As it turns out, Volume One of his six-volume memoir cum fiction is much more than that. It has a vibrancy, truth-telling honesty, and relevance far beyond anything I expected. And the writing…well, the writing was involving and exacting…and addictive. For a man who doesn’t like to talk to strangers, he does an awful lot of talking to strangers.
My Struggle Volume I begins with a discussion about death and how the dead have been removed from our purview, we lucky ones in the Western world who do not experience street conflict. This is precisely the thing I have been mulling over lately, so he drew me in with his talk of death rather than put me off. Without even a pause or a section break from our dip into death’s icy waters in the first pages, Knausgaard relates a news event in his childhood he watched on television, in which some newscasters showed the waters of a fjord, explaining that some Nordic fishermen were lost on a ship that sunk without a trace. His parents had laughed at his eight-years-old imagination that he had seen a face in the waves on the newscaster’s film shot. He returns to that humiliation again and again as he grows older, for the sense of having seen something and the shame of having been laughed at never leave him.
There is a circular momentum to his narrative (a circling-the-drain quality, all facetiousness aside), for he returns to the death of his father in the second half of Volume One. But first we learn his age (39 years), and learn of his marriage, his children, his attempt to create something important, circling back to begin at the beginning, his birth and childhood. Knausgaard as a teen is not to be missed. The second half of the book is consumed with his father’s death, which occurred just before he turned thirty. When viewing his father's corpse he writes: "The idea that I could scrutinize this face unhindered for the first time was almost unbearable." Unhindered? What a remarkable thing to say. But, he goes on to say, "I was no longer looking at a person but something that resembled a person." His father, with all his personality, strengths and failures, was gone.
The very ordinariness of his days, and of his detail about those days makes the novel/memoir something extraordinary. Knausgaard says in a Paris Review interview that he was trying to get the detail "as close to life as possible," so we shouldn’t feel surprised to experience a palpable peristalsis of boredom followed by intense interest and inescapable need. The interminable house cleaning and grass mowing…we feel those details in our exhaustion, repugnance, and need to escape. The accretion of detail, the structure, the language…all of it add up to something impossible to put down and impossible to forget.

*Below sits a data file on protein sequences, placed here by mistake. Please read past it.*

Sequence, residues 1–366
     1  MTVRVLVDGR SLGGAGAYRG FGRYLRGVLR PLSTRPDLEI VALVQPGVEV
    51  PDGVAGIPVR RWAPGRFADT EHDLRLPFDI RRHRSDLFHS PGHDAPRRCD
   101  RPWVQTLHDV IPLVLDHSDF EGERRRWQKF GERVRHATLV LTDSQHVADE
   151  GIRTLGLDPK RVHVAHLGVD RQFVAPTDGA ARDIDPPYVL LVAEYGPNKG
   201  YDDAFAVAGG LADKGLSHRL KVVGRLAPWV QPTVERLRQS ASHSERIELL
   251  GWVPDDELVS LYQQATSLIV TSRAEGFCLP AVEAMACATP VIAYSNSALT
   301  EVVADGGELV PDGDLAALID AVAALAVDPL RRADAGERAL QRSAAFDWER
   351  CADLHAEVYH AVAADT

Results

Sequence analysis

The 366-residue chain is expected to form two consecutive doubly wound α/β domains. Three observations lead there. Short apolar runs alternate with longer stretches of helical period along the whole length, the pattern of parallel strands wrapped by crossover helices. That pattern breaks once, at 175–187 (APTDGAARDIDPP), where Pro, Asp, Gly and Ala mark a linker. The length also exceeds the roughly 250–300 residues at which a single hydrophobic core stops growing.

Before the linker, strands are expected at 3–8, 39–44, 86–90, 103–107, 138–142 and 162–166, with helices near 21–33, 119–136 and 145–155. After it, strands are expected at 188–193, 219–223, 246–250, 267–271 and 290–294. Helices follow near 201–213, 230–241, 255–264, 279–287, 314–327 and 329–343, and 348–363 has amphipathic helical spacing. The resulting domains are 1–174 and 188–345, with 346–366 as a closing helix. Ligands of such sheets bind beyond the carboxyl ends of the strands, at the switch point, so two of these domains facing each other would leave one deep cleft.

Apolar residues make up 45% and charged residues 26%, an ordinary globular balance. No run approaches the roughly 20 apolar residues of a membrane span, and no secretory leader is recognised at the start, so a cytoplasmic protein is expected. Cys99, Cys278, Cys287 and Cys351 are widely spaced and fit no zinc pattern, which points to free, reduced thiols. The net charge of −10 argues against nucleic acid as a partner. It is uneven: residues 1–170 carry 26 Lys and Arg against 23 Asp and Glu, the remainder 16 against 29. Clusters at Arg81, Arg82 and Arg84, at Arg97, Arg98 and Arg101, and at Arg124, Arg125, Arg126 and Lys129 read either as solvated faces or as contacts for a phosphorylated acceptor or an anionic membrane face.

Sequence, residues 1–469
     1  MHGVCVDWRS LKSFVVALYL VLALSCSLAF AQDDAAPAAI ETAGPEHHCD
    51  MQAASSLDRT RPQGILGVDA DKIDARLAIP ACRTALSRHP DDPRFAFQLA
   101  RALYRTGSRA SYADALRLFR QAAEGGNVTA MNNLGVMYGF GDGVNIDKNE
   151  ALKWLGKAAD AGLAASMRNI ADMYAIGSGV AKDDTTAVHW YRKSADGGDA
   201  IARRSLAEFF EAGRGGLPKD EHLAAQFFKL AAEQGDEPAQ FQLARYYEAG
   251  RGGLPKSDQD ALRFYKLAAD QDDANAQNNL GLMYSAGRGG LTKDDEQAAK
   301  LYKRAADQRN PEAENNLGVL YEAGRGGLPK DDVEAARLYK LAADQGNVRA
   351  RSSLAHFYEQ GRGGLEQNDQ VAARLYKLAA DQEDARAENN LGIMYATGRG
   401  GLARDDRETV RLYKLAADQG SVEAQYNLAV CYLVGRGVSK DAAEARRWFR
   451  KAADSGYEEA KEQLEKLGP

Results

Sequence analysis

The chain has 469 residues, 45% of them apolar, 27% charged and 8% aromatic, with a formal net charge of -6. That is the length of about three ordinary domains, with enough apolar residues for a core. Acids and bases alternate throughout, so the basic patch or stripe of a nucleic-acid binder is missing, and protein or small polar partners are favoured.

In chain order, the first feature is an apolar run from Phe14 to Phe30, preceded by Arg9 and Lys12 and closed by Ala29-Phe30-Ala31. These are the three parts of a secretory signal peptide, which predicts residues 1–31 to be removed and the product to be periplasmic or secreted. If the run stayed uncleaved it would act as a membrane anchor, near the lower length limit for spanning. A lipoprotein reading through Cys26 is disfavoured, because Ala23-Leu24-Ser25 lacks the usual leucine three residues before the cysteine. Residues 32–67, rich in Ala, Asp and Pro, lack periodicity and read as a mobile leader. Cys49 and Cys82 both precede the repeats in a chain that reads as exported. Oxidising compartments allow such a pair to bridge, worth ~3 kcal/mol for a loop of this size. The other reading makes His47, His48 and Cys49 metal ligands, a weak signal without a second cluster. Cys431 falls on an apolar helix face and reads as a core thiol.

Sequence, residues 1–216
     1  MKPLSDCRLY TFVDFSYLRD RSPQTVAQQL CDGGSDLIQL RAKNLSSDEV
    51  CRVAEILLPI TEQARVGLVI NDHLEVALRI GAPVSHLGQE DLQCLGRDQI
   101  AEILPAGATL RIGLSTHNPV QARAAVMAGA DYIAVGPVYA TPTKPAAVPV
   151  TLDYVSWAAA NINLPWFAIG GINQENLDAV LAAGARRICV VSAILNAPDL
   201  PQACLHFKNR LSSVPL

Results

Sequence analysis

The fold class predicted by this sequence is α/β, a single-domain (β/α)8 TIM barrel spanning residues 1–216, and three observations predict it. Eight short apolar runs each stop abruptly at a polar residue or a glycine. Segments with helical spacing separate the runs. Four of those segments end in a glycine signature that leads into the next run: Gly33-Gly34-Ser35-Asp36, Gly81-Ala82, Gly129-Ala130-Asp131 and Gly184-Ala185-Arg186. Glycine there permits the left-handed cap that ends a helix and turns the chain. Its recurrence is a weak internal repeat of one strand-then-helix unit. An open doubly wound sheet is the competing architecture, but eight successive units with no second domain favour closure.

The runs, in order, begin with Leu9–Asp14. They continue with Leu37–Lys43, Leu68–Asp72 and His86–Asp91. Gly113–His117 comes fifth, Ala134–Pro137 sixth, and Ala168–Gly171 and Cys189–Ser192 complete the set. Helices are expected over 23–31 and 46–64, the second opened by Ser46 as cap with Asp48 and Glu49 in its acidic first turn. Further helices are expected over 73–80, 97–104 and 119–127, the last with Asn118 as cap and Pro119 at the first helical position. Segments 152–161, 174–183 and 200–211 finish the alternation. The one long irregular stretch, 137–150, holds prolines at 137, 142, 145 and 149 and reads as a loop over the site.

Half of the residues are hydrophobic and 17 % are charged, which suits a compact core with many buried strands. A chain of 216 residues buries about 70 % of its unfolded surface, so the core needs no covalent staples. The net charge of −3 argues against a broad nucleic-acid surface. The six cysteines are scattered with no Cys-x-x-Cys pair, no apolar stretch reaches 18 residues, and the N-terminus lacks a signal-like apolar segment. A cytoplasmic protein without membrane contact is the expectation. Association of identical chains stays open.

"But as anyone with the least knowledge of literature and writing—maybe art in general—will know, concealing what is shameful to you will never lead to anything of value."--Paris Review interview
Karl Ove, the narrator, shows us how he is his father’s son. He claimed to hate his father, but he loved him, too, and was more like him in his reserve than he dares mention. But we see it. We never get a clear or complete picture of his father--his father as son, his father as husband, as teacher, as neighbor--but the moments of his tenderness and of his decline flash from the book like beacons.
"But still, there is much more to a relationship than what you can say. You just take one more step back into yourself. I’ve never understood psychoanalysis. Mentioning things doesn’t change anything, doesn’t help anything, it’s just words. There is something much more deep and profound to a relationship than that. Revealing stories and quarrels—that’s just words. Love, that’s something else."--Paris Review interview
Observing Knausgaard’s intense reluctance to self-reveal in ordinary day-to-day interactions and conversation, one has to ask why Knausgaard wrote a book like this. The answer comes in a thousand ways, but it revolves around the breaking of accepted patterns, of standing outside so as to observe and understand more deeply, of the spaces between things, like language…what it doesn’t describe, what it can’t catch. "Writing is more about destroying than creating." He seeks to make an experience, rather than just describe one. Well, he’s done something provocative here, and it is absolutely an experience reading this book.
Review of Volume 2
Review of Volume 3
Review of Volume 4
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